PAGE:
The fireplace has long been an iconic symbol in American culture. “It takes us back to grandmother's house,” says Carbondale, Colo.-based architect Doug Graybeal, AIA, “and it's better than television.” But, setting aside our affinity for nostalgia, grandma's house was woefully short on energy efficiency, and her fireplace was a major source of the problem.
Today's higher standards for sustainability and energy efficiency are putting that much-loved hearth in a compromising position. “Fireplaces have a high aesthetic value, but they have a low environmental efficiency value,” says Rick Harlan Schneider, AIA, principal, Inscape Studio, Washington, D.C. “They're often more trouble than they're worth.”
Fireside Chat According to the California Environmental Protection Agency's Air Resources Board, most wood-burning fireplaces rob houses of heat because they draw air from the room and send it up the chimney. Along with their inefficiency, fireplaces contribute to indoor and outdoor air pollution. In 2004, the American Lung Association of California called wood smoke from fireplaces “the largest stationary source of air pollution in the Bay Area during [the] winter months.”
That's not to say that fireplaces have fallen out of favor with architects. Indeed, they're as popular as ever. Graybeal is a huge fan—especially of efficient, heat-producing Rumford models—and Harlan Schneider still specifies them in his work. “In one project, we designed a fireplace for aesthetic value, but the chimney was designed to be a thermal mass,” he says.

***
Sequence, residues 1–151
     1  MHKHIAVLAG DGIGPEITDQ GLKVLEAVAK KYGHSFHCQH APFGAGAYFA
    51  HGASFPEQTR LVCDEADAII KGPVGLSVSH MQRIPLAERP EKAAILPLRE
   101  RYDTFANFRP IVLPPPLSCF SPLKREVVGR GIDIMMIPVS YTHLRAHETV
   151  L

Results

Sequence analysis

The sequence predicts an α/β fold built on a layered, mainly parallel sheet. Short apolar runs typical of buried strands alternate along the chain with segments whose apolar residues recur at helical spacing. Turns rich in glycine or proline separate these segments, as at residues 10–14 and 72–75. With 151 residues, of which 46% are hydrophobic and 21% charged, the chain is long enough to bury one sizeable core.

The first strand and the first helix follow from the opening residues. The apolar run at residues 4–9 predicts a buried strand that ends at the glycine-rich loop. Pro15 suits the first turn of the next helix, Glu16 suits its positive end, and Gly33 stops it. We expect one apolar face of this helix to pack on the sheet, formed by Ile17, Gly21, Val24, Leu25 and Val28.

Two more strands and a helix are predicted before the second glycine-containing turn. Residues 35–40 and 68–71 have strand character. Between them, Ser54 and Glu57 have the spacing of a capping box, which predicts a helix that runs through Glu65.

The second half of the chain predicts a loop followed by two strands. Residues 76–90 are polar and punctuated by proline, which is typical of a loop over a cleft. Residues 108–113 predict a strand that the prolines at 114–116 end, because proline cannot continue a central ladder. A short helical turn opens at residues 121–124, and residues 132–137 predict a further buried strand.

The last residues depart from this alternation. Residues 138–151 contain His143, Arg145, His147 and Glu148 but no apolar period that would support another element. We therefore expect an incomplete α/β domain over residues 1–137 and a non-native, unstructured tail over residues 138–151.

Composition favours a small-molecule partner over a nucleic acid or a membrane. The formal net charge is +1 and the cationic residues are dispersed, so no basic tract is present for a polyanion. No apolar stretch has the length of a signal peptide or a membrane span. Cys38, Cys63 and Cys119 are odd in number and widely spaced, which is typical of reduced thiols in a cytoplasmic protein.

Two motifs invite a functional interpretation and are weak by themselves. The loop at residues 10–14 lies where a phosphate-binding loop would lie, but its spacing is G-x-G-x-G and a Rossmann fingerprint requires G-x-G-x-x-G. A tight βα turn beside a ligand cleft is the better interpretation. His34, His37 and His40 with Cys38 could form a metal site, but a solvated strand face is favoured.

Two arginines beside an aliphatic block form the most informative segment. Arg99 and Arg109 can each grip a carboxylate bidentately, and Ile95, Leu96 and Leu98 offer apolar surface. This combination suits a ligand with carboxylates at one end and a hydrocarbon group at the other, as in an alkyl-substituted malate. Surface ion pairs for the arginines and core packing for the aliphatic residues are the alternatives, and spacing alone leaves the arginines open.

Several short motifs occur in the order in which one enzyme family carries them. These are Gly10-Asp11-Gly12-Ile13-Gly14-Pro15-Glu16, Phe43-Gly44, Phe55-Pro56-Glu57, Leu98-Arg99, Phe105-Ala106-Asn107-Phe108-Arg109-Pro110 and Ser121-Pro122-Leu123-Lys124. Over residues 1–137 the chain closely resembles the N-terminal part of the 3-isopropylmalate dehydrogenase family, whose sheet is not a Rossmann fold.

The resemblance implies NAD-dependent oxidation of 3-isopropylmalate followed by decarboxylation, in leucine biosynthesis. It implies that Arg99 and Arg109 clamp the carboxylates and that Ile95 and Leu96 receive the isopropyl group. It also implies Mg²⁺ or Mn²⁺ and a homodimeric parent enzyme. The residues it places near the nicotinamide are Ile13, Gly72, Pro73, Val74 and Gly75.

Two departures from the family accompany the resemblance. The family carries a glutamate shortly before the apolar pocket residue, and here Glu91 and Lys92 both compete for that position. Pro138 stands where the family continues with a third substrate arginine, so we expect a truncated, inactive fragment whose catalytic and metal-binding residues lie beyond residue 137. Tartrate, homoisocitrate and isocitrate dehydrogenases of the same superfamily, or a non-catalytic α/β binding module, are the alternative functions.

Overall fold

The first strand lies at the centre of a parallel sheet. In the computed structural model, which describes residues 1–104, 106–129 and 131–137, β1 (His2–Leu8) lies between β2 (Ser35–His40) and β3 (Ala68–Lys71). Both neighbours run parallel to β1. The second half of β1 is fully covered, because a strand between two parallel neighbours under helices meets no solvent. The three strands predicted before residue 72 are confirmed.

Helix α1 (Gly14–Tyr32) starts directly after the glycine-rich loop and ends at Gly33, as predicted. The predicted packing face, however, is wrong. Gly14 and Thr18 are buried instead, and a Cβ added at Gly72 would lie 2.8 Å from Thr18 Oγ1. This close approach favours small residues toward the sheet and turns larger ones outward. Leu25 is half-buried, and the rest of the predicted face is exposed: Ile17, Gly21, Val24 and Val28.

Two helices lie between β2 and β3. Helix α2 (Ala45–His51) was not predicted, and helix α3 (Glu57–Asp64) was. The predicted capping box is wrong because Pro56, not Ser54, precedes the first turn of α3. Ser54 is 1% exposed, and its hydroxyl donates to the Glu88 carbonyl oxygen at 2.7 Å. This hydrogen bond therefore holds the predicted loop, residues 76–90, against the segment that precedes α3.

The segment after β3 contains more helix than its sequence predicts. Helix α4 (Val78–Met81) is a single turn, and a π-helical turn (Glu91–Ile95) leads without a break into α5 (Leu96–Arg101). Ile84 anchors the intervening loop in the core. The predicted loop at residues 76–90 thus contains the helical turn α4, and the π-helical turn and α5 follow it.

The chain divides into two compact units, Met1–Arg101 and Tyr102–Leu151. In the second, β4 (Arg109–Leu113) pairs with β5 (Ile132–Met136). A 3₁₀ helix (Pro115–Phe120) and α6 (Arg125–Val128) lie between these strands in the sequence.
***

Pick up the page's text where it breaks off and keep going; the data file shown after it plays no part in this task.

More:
As Graybeal and Harlan Schneider's experiences demonstrate, fireplace-favoring architects concerned with energy efficiency do have options. Hearth & Home Technologies, Travis Industries, Lennox Hearth Products, and other manufacturers have developed a large and varied line of eco-friendly hearth products that offer the aesthetics of fire—and some of the warmth that goes with it.
Pellet stoves, for example, are among the cleanest-burning hearth products on the market. Available in freestanding or built-in models, these stoves burn biomass pellets made from recycled wood waste. “Pellet stoves are very efficient,” says John Crouch, director of public affairs in the Citrus Heights, Calif., office of the Hearth, Patio & Barbecue Association (HPBA). “The key to the system is that it burns a small internal fire.” Pellet stoves also provide a fair amount of heat—anywhere from 25,000 BTUs to 60,000 BTUs per hour, Crouch says. Some even use clean-burning corn kernels and don't require a conventional chimney.
An EPA-approved wood-burning stove is another excellent alternative. According to the agency's Web site, EPA-certified wood stoves burn more efficiently than older, noncertified models because significantly less creosote builds up in their chimneys. EPA-certified stoves perform a slow, controlled burn by limiting the amount of combustion air, resulting in an air-to-fuel ratio of about 15:1. (By comparison, open wood-burning fireplaces typically have an air-to-fuel ratio of more than 50:1.) According to HPBA, wood stoves are excellent heat sources because they operate at rates of up to 70,000 BTUs per hour.
“Before I got into doing green houses, I loved fireplaces, because they are a very sculptural element in a room,” says Paula Baker-Laporte, an architect and author on sustainable design practices based in Tesuque, N.M. Then she discovered more eco-friendly options, including Tulikivi fireplaces. According to their Finland-based manufacturer, Tulikivi thermal-mass fireplaces store large amounts of heat because they're made mostly of soapstone. They also burn wood so cleanly that they even outdo the strictest environmental codes. Baker-Laporte says she sometimes uses a mason to build a custom thermal-mass fireplace, but she'll substitute certified wood stoves when the budget is tight.